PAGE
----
In the 1950s Olive left Summerhill Road for several years to work with a Missionary Society before returning to live with her older sister Vi..  In the 1960s their older sister, Doris, was widowed and came to live with them before she died. At one time in the sixties all three sisters were living together at Summerhill Road.

Olive Kemp passed away peacefully on 6 June 2009 at a nursing home in Kent.

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Ray and Roger Kemp in the front garden of 49 Summerhill Road about 1966. Ray is wearing the Tottenham Grammar school scarf. Roger is in London fire brigade uniform.

The house in the background show number 50 Summerhill Road where Alf Facey and wife Annie lived. Some of these houses have long since been demolished to make way for flats.

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Roger is pictured at the wheel of his Fire Engine outside number 49 Summerhill Road.

In the background you can see St Philp's Church in Philip Lane.

The following is a transcript of the original letter written by Olive Kemp in 2003 that recall her Summerhill Road Memories

                                                                                                                                                                                                                      Miss O Kemp




                                                                                                                                                                                                                20th February 2003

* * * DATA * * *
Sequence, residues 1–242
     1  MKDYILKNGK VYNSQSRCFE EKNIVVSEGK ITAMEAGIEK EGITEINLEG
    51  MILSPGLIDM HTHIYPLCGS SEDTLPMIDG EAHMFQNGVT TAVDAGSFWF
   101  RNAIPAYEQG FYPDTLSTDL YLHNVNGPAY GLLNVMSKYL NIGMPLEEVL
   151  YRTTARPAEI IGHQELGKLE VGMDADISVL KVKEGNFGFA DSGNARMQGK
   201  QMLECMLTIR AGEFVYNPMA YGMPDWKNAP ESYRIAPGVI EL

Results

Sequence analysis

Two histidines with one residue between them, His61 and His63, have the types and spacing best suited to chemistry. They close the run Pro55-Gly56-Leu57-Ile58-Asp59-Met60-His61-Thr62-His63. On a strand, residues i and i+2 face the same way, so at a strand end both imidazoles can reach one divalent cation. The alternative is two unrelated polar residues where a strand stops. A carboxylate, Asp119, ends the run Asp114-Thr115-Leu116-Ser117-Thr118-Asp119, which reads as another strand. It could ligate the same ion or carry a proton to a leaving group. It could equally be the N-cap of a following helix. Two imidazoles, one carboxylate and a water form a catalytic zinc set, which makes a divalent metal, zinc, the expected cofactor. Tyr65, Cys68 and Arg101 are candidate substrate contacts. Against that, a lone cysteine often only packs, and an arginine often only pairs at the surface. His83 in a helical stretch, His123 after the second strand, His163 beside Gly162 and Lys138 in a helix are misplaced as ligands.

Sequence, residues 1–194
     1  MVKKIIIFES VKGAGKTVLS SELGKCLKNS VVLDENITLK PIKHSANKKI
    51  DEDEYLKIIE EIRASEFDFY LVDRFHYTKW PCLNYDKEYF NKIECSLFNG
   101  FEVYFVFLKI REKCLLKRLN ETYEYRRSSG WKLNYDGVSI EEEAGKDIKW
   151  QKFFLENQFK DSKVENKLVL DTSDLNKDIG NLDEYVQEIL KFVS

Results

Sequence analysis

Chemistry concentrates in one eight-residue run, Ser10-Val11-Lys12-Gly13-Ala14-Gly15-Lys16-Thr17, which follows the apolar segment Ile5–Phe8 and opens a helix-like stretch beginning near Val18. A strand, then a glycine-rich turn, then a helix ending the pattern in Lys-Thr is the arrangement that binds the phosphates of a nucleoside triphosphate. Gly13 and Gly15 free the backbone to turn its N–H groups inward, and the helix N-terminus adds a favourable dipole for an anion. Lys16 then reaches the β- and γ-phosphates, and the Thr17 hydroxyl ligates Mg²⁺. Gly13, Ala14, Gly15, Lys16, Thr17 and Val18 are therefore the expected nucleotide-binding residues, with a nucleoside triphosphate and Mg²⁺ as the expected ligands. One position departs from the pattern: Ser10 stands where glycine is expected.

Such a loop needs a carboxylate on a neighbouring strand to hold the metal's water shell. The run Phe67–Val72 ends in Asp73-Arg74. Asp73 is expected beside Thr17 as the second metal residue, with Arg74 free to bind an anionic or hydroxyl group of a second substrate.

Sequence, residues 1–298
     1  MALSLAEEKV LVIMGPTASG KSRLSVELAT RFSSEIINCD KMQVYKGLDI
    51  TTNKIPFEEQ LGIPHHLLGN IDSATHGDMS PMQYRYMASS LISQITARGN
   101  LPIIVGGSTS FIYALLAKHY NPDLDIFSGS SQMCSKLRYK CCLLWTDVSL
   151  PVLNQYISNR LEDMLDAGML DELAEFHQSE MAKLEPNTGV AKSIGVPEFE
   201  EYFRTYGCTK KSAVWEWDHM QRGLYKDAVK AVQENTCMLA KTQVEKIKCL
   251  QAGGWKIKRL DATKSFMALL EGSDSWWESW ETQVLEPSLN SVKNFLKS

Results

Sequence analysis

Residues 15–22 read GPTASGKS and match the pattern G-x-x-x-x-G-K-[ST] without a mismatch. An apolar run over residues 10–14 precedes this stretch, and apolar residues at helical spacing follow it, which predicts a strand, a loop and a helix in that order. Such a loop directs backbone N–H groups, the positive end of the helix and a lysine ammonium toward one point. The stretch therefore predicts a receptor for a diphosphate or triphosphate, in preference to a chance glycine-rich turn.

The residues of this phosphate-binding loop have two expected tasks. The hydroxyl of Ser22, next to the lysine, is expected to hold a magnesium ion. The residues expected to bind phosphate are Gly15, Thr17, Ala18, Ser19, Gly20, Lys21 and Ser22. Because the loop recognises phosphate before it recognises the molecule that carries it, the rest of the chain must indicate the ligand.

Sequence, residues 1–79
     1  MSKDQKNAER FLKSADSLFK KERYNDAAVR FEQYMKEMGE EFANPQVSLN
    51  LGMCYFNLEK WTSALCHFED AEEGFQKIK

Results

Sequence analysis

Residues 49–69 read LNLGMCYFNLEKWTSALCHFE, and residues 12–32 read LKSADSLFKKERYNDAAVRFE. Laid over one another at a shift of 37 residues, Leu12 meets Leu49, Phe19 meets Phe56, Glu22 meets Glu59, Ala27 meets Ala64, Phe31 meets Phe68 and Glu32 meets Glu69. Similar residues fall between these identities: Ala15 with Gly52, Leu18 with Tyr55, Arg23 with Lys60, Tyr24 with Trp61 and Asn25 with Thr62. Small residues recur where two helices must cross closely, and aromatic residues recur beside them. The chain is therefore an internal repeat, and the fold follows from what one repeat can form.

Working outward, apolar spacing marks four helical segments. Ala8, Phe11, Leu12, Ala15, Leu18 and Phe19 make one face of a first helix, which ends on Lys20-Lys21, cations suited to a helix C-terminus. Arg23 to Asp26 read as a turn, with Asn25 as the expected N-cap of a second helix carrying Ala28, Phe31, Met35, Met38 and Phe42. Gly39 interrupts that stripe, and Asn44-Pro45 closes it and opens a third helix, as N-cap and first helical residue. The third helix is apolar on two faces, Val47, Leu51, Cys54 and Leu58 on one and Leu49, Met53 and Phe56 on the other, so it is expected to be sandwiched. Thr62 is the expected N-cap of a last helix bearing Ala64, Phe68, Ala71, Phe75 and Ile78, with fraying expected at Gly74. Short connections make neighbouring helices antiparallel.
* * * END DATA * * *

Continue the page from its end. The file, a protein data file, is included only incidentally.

Dear Ray,

 Thank you for taking the time and trouble to write to us, Vi is now 94 years old. She has had a skin graft on her hand, she has also had a stroke and had a pacemaker fitted. She is at home and has a lady in once a week to bath her and wash her hair. She has made a remarkable recovery from the stroke. She was in hospital for three weeks and could not speak. She has overcome this problem but can’t always get out what she means to say but all in all she is wonderful. I am Olive and am now 83 years old but I am arthritic and only get out to the town twice a week in a taxi. It was nice to know that you had a Jubilee Street party in Summerhill Road, we did not have a street party here as it’s a big housing estate (Middle Oak) which is owned by the Circle Thirty Tree Housing Association and its linked up by garages and walkways so they could not close one road and I don’t think anyone wanted the responsibility of organising a street party, although I did attend a Jubilee Party at our local church. It was held on a Sunday afternoon and was for senior citizens only and we all had a good time.

 I do remember you and your brother and sister Christine, you lived two doors away from the Misses Hall. One was a head teacher. I did hear the sad news from Mike Diprose on the loss of his beloved mum Ellen. We were pleased to hear about Ivy Pearman but sorry that she had to leave her home in Summerhill Road. We were surprised to learn that she was older than Vi !  So we will contact John with our regards to his mum, a really nice lady.

 We lived in Summerhill Road before Ellen and Fred Diprose. We came from Clapton, although my relatives lived in Tottenham, as did our Mum and Dad, but lives took them to Clapton E5 where we lived prior to returning to Tottenham. We remember Mr and Mrs Sudaby and an Uncle and Nellie who lived at number 45 (Prior to Ruby and Jeff Nicholls and their boys). The Uncle and Dad died and Nellie and her Mum moved to Wiltshire, but they used to take in washing and were well known for the quality of the work they done. They also had a pear tree in the garden and we often got some, but the pears were very hard, in fact too hard to eat. They also kept chickens.